For many expats, getting used to the hot and tropical climate of Singapore can take some time. You may worry if your kids need something more than water to keep them well-hydrated. Here’s what the experts say.
Besides sports and energy drinks, children can choose from a wide array of functional drinks to replenish their bodies, including protein shakes and vitamin water.
These are easily available at supermarkets, convenience stories and minimarts here.While they are not considered harmful for most people, a question is whether they are advisable for children.
Experts give the low-down on four types of functional beverages that active children may consume.
These isotonic drinks are formulated to replace water and minerals lost through perspiration. Many contain B vitamins to aid in energy metabolism, and vitamins C and E to guard against the effects of oxidation. Isotonic drinks are helpful for athletic people who sweat profusely.
They are not advised for sedentary children, said Ms Phuah Kar Yin, principal dietitian at KK Women’s and Children’s Hospital (KKH).
“They provide unnecessary calories which will lead to excessive weight gain,” she said.
Dr Ang Poon Liat, consultant paediatrician at Thomson Paediatric Centre, noted that taking sports drinks in place of water is now considered a contributing factor to obesity. About 12 per cent of students in primary and secondary schools and junior colleges here are obese.
The “kick” in these drinks originates from caffeine and sugar, which are absorbed rapidly to provide instant energy and performance.
The amount of caffeine found in these drinks tends to be high – as much as 141mg per serving. In comparison, an average cup of coffee contains 133mg of caffeine.
The caffeine content in energy drinks may also be higher than stated on the label, according to the American Academy of Paediatrics.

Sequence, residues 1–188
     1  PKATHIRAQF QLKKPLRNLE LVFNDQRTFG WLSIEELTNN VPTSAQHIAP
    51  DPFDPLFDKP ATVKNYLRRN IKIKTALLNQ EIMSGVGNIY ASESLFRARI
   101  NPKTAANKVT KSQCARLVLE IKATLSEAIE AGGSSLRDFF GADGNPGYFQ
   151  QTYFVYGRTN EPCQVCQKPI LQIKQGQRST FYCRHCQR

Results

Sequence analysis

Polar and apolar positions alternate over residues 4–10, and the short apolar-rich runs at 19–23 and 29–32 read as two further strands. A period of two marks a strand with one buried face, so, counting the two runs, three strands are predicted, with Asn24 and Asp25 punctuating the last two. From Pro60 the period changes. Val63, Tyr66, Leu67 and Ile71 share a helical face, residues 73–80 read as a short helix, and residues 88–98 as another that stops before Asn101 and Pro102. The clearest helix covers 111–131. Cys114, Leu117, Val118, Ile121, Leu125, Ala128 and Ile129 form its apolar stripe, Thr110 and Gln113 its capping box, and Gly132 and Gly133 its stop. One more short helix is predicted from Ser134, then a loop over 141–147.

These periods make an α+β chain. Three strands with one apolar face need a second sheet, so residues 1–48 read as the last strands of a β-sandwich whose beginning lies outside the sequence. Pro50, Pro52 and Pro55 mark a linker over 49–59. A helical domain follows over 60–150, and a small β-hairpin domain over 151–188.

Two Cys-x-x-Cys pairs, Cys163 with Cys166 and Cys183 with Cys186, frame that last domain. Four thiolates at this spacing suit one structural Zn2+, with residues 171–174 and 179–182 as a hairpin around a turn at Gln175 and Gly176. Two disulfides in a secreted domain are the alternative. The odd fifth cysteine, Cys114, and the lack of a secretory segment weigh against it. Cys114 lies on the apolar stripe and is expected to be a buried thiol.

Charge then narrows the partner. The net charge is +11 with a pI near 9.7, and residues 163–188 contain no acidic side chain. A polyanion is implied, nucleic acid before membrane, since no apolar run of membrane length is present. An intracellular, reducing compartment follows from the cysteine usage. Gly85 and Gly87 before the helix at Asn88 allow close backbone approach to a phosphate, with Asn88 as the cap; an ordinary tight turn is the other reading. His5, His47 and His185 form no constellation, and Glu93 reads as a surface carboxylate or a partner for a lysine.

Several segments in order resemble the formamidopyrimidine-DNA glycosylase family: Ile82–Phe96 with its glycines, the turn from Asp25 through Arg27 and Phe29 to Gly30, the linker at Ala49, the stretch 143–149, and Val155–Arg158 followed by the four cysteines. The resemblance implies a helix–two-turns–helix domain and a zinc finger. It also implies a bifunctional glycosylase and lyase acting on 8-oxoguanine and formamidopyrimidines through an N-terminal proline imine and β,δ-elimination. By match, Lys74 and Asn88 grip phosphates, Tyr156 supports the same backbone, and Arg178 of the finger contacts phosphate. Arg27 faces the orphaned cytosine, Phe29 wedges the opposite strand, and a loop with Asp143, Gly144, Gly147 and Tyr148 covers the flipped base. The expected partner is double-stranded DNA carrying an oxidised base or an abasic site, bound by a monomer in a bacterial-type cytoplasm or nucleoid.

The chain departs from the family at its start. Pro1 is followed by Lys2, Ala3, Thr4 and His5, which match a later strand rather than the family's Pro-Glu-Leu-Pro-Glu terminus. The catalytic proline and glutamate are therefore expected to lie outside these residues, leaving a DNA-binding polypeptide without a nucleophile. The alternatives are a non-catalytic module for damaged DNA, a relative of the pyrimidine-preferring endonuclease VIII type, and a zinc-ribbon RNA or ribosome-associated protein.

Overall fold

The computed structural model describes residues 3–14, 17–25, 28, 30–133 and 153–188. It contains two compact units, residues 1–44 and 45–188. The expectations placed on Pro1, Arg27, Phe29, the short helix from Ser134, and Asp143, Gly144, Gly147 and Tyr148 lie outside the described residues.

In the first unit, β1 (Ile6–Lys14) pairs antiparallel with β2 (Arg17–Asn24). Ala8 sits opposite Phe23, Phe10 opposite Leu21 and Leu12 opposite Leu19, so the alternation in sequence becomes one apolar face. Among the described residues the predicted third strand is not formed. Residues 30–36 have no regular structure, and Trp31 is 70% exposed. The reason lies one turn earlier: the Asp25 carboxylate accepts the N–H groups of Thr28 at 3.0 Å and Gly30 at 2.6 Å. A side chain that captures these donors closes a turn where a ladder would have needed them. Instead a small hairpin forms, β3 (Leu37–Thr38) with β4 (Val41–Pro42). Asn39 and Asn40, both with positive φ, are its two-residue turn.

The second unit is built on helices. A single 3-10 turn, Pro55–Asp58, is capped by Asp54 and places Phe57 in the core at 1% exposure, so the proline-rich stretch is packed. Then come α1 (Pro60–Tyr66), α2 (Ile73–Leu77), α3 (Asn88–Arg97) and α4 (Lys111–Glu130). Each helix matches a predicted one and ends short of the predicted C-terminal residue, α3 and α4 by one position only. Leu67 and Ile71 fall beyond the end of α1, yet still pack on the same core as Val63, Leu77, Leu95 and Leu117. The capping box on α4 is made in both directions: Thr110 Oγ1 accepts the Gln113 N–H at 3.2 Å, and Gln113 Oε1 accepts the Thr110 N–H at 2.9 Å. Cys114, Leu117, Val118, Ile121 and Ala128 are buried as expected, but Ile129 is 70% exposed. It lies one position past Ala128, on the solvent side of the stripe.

This is because Guarana, a plant extract that has caffeine, is commonly used in these drinks, but often listed separately from caffeine in the ingredient list.
Caffeine intake can disrupt a child’s sleep at night or affect sleep quality. In rare instances, it can cause short-term ill effects in children, like heightened anxiety and irregular heartbeat, said Ms Phuah. In the long run, it can affect the development of the child’s nervous and cardiovascular systems, she added.
Dr Ang warned that both caffeine and sugar are also addictive.
The vitamins in these beverages may be synthetic or extracted from plants. They can be grouped into water soluble types, such as vitamin C; and fat-soluble ones like vitamins E and A.
However research shows that such vitamins are better absorbed from food sources, rather than from supplements or drinks, said Ms Jasly Koo, a dietitian at KKH.
Vitamins, minerals and phytochemicals in food work hand in hand in the body, she explained.
“When isolated, such as in vitamin water products, they may not provide the same health benefits.”
Taking high dosages of vitamins and minerals in the long term can lead to toxicity. Too much vitamin B6, for instance, can cause nerve damage in the limbs.
Sugar is also a concern. A bottle of vitamin water contains an average of five or six tablespoons of sugar, said Ms Koo.
A child aged between three and six should have just three tablespoons of sugar daily, according to the Health Promotion Board.
These drinks are marketed to promote muscle recovery after strenuous exercise. Protein, the key ingredient, stimulates cell proliferation.
This translates to increased muscle growth that improves sporting performance over time, said Dr Ang.
In addition, protein shakes are now also commonly used in weight management. So, they usually contain low-calorie sweeteners and compounds that boost metabolism and aid slimming, said Dr Ang.
Such compounds, which include epigallocatechin gallate and cholorogenic acids, are known to cause side effects such as nausea and insomnia respectively.
In addition, taking extra protein without balancing it with exercise can be harmful. The excessive cell proliferation can increase one’s cancer risk over time, said Dr Ang.
Other health risks include kidney damage and obesity. “Normal kids do not really need to drink protein shakes; they can get enough protein from regular meals,” he said.
By Poon Chian Hui, The Straits Times, October 13, 2015